It was significant that Chief Economic Adviser Arvind Subramanian had pointed out that this year’s document is in ‘pink’, colour, during the presentation of the Economic Survey 2017-18. He also highlighted the need for gender-specific measures pointed out in the survey. “Women play a significant and crucial role in agricultural development and allied fields. This is a fact long taken for granted. There is feminisation of agriculture sector because of growing migration of men from rural to urban areas. Gender-specific interventions are therefore required to support them,” stated the survey.
Taking into account the inherent gender equality, assessments were made based on three specific dimensions of gender – Agency (women’s ability to make decisions on reproduction, spending on themselves, spending on their households and their own mobility and health), Attitudes (attitudes about violence against women/wives, and the ideal number of daughters preferred relative to the ideal number of sons) and Outcomes (‘son preference’ measured by sex ratio of last child, female employment, choice of contraception, education level, age at marriage, age at first birth and physical or sexual violence experienced by women).
The economic survey, recognised India’s “son” obsession, in a bid to express solidarity towards women’s issues and empowerment.
The document recommends that Indians confront the “societal meta-preference” for a son, observing that the adverse sex ratio of females to males has led to 63 million “missing” women. To put it simply, Indians largely continue to have children till they have a son. This effectively leads to – reduction in the resources available to the girl child(ren) in most cases. In some sense, once born, the lives of women are improving but society still appears to want fewer of them to be born!
The survey points out that just as India is committed to moving up the ranks in ‘Ease of Doing Business’ indicators, a similar commitment should be made on the gender front. As far as women in the workforce are concerned, the survey reveals that the percentage of working women has declined over time from 36 per cent in 2005-06 to 24 per cent in 2015-16.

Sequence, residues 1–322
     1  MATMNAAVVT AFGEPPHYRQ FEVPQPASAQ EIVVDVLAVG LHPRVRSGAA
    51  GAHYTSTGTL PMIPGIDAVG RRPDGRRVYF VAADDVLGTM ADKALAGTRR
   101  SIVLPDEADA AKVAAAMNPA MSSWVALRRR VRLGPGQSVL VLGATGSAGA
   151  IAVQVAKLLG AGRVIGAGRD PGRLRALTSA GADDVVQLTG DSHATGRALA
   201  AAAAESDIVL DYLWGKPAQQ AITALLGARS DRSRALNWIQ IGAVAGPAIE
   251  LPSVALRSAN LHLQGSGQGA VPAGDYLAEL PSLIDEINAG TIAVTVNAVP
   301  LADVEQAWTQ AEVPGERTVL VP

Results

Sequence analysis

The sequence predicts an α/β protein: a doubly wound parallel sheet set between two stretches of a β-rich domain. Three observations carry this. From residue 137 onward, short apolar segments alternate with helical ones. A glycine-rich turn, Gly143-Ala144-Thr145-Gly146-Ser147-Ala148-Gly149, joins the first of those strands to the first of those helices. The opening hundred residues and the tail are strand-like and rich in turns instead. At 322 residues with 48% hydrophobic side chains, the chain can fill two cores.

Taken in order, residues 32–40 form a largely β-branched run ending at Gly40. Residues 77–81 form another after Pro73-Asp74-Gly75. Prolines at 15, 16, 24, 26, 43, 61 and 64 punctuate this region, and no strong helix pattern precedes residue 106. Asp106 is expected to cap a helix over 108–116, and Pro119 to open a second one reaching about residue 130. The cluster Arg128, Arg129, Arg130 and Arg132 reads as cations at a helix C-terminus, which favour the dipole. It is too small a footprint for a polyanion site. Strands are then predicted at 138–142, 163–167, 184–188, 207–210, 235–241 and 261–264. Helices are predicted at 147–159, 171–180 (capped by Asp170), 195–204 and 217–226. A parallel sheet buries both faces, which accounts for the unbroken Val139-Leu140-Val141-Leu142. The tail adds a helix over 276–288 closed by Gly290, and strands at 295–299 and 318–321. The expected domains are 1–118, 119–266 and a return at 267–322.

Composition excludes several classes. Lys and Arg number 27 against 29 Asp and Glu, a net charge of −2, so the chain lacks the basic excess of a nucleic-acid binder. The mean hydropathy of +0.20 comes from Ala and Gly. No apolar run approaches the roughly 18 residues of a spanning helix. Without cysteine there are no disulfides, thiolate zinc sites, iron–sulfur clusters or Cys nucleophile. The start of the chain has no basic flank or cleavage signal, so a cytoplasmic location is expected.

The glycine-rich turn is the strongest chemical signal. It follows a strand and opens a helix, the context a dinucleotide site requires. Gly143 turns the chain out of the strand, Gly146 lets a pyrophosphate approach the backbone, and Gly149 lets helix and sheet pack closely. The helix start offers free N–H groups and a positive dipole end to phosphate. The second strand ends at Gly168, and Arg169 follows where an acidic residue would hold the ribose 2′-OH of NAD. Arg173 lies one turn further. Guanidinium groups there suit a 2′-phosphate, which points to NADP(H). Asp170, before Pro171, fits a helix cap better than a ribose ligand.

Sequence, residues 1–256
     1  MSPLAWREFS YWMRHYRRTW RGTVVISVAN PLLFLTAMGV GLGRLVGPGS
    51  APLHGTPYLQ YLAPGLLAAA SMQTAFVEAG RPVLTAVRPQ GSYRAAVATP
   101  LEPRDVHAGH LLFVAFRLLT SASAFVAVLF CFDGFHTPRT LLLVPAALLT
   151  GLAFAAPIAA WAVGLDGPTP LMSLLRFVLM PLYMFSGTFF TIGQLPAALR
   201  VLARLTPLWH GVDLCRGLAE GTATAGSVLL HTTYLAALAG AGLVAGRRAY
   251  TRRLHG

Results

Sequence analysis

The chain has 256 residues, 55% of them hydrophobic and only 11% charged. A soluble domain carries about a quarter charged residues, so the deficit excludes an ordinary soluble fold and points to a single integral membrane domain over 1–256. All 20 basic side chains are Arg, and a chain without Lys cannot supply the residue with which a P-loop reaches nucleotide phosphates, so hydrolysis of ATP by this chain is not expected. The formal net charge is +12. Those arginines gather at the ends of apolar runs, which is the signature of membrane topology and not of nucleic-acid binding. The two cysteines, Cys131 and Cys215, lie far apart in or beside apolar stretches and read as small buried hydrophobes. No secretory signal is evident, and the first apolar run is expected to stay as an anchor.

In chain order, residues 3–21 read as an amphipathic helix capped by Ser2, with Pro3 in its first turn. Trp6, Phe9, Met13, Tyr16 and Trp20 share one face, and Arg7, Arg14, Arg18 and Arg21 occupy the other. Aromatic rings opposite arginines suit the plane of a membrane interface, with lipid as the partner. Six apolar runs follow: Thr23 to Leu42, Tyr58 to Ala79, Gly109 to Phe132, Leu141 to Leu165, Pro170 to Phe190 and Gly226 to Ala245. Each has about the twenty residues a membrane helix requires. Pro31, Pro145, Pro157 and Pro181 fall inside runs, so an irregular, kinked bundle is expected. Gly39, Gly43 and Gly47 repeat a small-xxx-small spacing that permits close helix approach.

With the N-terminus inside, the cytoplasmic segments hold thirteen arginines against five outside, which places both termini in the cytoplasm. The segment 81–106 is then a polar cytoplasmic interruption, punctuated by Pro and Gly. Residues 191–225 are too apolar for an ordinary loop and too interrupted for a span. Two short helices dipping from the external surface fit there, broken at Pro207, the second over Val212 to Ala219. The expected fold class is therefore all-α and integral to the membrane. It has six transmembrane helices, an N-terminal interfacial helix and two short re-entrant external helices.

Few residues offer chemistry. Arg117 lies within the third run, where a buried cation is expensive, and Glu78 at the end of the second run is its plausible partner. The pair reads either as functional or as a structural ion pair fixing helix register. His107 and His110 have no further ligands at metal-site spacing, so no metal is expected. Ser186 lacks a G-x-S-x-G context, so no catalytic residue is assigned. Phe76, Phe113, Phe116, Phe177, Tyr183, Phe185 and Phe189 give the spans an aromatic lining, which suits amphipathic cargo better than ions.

In a positive light, it can be seen that women empowerment and women’s issues seem to be high on the government’s agenda. Specially with Prime Minister Narendra Modi’s first ‘Mann ki Baat’ in 2018, which was dedicated to ‘Nari Shakti’ (women power). “Let me tell you that one daughter is equal to ten sons… The punya (good) we get from 10 sons, we get that from one daughter…,” PM Modi said.
Given the right attention, women can create an impact in business and society at large. More financially empowered women impact the economy, improve the GDP, and help to better their homes and society. Governments across the world, as well as various developmental organisations, are actively undertaking promotion of women entrepreneurs today, through schemes, incentives and promotional measures.
Meanwhile, women need to support and stand with their heads held high, without any feeling of being inferior. They need to push boundaries, to tread roads less travelled roads and break the stereotypes that hold them back. For, in the long run, in empowering women by improving their problem-solving capabilities and tools it can encourage their incremental creativity and innovation.